Tuesday, August 6, 2013

Dr. Michael Har-Noy Describes the “Mirror EffectTM” – A New Concept In Cancer Treatment

Dr. Michael Har-Noy, founder and CEO of Immunovative Therapies Ltd., describes the “Mirror Effect™” as an immunologic concept that addresses the problem of separating the curative graft versus tumor (GVT) mechanism from the disastrous graft versus host disease (GVHD) complication of bone marrow transplant (BMT) procedures.

Immunovative Therapies’ solution was to formulate a T-cell infusion that would mirror the immune mechanisms mediated by the transplanted donor immune system to instead be controlled by the patient’s own immune cells. Dr. Michael Har-Noy has named this concept the Mirror Effect™ and says it was designed to produce the same anti-tumor effect that has been shown to be curative in allogeneic bone marrow transplant procedures but without life-threatening toxicity.

In the Mirror Effect™, the direction of the closely related GVT and GVHD effects that stem from the infused graft are reversed or “mirrored” so that they originate from the host instead, thereby mediating a host versus tumor (HVT) response coupled to the non-toxic host versus graft (HVG) rejection effect.

To produce the Mirror Effect™, T-cells from a normal person are given to a patient and instead of these infused cells initiating a GVT effect, they stimulate the patient's own immune system to attack the cancer (HVT effect) and create a highly inflammatory environment which neutralizes tumor immunoavoidance mechanisms.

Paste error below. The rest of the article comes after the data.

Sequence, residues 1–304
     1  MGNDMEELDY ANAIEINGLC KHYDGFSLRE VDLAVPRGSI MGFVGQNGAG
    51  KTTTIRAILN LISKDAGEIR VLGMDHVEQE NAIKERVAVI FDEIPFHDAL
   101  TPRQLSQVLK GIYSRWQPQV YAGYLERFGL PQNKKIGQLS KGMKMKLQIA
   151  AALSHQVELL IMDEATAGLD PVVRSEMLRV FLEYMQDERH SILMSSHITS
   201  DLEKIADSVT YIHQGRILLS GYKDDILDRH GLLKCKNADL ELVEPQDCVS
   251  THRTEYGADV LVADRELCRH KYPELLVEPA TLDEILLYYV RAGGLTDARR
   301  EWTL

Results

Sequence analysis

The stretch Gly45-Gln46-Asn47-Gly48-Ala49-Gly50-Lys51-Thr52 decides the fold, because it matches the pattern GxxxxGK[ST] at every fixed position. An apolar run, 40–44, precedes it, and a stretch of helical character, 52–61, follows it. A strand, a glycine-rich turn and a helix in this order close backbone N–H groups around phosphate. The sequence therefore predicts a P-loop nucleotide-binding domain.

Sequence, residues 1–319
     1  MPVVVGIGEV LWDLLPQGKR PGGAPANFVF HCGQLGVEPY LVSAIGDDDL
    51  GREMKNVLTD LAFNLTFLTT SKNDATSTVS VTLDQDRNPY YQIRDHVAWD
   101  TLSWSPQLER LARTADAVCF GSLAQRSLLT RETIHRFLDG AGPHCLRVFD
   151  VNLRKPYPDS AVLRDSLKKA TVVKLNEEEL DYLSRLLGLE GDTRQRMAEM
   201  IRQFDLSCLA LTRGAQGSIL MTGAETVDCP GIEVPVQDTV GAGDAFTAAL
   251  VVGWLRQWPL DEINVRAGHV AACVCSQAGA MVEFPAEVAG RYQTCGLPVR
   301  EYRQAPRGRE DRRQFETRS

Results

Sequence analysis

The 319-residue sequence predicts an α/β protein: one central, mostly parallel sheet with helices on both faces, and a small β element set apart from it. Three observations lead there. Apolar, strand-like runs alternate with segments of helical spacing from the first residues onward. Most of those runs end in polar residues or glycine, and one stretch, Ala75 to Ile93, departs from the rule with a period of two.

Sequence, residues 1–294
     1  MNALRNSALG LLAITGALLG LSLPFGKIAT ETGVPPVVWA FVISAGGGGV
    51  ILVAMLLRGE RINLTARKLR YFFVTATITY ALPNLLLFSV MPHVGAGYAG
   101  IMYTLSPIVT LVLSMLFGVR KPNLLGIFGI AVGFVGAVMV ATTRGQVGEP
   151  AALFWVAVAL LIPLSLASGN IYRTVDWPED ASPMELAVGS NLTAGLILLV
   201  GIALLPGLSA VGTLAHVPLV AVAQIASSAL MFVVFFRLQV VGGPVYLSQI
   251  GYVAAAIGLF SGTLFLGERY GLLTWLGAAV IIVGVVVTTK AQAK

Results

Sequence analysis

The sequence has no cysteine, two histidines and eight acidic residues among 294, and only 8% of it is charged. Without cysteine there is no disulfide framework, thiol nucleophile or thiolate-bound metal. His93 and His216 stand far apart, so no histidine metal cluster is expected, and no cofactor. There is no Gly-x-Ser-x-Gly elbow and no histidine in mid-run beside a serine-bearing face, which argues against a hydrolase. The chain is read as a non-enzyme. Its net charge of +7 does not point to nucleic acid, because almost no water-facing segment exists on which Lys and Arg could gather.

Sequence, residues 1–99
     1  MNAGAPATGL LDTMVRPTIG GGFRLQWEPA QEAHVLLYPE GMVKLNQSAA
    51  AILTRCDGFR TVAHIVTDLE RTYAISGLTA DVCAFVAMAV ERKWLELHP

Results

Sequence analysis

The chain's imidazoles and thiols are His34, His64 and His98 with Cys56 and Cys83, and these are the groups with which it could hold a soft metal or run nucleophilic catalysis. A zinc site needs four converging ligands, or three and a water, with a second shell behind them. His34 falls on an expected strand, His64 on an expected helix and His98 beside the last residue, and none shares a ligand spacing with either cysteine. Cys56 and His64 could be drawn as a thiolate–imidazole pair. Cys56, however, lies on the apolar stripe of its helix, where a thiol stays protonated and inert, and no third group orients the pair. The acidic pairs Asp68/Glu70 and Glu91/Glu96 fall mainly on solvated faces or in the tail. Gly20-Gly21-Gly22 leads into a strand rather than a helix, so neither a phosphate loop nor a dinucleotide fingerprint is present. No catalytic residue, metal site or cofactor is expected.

Dr. Michael Har-Noy goes on to say that because the HVT response must be coupled to a HVG rejection, the patient in these instances is not pre-treated by immunosuppressive chemotherapy and therefore has an intact immune system that can mount a response to reject the normal donor T-cells. Also, because rejection of the graft (HVG) is the desired outcome, it is preferable if the donor cells are mismatched to the patient. This is a crucial improvement over allogeneic BMT procedures where only one in three recipient patients has a related donor that is suitable.

The “Mirror EffectTM” therefore involves infusion of mismatched donor cells into a cancer patient that has not received any previous chemotherapy so that these infused allogeneic donor cells are rejected by the patient’s immune system. This HVG effect is the “mirror” of the lethal GVHD response but is not toxic. The HVG rejection then initiates host-mediated tumor destruction (HVT), which is the “mirror” of the GVT effect. The “mirror” effect is therefore capable of imitating the beneficial GVT effect of allogeneic BMT while at the same time avoiding the catastrophic GVHD toxicity.

The “Mirror EffectTM” has the potential to create an entire new field of oncology.

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